Two patients received a transplanted synthetic part, about 2 inches long, consisting of a section of the windpipe, or trachea.
At the top of the transplanted section was a version of the cricoid arch and plate, a hollow, collar-like segment that forms the base of the larynx, surgeons said.
"The cricoid is the most simple part of the larynx to transplant," Paolo Macchiarini of the Karolinska Institute in Stockholm, Sweden, head of the surgical team that performed the operations, told NewScientist.com
Previous transplants of parts of larynxes and entire larynxes came from dead donors and were stripped of their native cells and re-coated with the patients' own cells to avoid rejection.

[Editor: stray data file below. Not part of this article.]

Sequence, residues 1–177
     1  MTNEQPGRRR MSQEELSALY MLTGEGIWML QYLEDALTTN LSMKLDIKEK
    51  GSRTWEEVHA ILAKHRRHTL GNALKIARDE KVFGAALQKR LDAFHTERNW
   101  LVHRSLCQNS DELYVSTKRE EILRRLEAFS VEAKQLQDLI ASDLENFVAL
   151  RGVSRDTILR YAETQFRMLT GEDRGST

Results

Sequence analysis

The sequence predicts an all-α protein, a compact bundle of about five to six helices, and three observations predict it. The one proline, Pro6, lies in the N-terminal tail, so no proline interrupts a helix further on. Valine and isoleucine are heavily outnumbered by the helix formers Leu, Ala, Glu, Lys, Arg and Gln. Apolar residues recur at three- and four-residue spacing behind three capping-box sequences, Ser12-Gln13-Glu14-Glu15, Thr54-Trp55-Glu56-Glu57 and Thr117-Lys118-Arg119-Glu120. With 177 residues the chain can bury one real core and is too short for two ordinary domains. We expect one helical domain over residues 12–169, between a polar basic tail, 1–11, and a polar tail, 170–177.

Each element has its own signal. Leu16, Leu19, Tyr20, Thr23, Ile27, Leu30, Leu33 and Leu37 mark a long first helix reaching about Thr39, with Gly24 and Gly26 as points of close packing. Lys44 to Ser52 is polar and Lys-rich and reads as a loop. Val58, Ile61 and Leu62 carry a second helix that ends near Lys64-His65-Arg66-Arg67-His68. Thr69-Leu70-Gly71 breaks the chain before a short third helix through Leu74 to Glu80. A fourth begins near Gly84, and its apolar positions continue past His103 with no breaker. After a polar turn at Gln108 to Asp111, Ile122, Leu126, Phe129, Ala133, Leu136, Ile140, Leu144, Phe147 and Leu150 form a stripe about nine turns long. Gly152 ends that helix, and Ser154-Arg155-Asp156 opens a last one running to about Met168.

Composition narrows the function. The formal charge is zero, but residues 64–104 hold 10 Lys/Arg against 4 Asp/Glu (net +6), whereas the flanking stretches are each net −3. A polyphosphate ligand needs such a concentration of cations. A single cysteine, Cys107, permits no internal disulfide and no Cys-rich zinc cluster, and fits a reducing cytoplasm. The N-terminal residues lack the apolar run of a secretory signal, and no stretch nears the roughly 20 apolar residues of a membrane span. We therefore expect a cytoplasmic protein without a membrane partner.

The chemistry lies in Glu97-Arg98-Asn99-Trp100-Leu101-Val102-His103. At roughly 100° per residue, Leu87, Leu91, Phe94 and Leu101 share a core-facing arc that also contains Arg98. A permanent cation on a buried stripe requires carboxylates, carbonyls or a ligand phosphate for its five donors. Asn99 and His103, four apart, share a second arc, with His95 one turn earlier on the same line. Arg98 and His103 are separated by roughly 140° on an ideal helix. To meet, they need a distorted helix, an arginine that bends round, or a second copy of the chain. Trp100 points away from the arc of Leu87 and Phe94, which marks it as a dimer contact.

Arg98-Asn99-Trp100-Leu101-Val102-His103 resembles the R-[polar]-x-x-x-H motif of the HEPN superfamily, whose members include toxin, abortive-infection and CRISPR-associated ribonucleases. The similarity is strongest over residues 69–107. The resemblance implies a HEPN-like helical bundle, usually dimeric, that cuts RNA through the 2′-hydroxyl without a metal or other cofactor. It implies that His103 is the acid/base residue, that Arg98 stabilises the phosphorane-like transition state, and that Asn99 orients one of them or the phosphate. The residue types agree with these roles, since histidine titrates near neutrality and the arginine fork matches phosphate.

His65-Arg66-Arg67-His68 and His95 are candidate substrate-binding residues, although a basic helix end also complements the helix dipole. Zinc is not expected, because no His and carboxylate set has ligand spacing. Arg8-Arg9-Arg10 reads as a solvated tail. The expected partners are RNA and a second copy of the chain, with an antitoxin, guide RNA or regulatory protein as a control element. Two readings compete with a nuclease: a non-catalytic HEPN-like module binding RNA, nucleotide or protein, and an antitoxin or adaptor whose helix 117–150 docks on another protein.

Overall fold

The latest operations were different, in that they involved a synthetic structure rather than a graft from a cadaver, which before the transplantation was seeded with stem cells from the patient's own bone marrow, so that once transplanted it would grow its own layers of native surface cells, the surgeons said.
The seeding was performed by Harvard Bioscience in Massachusetts.
"We see this as the beginning of growing synthetic organs," the company's president, David Green, said. "It's the stuff of scientific fiction becoming medical reality."
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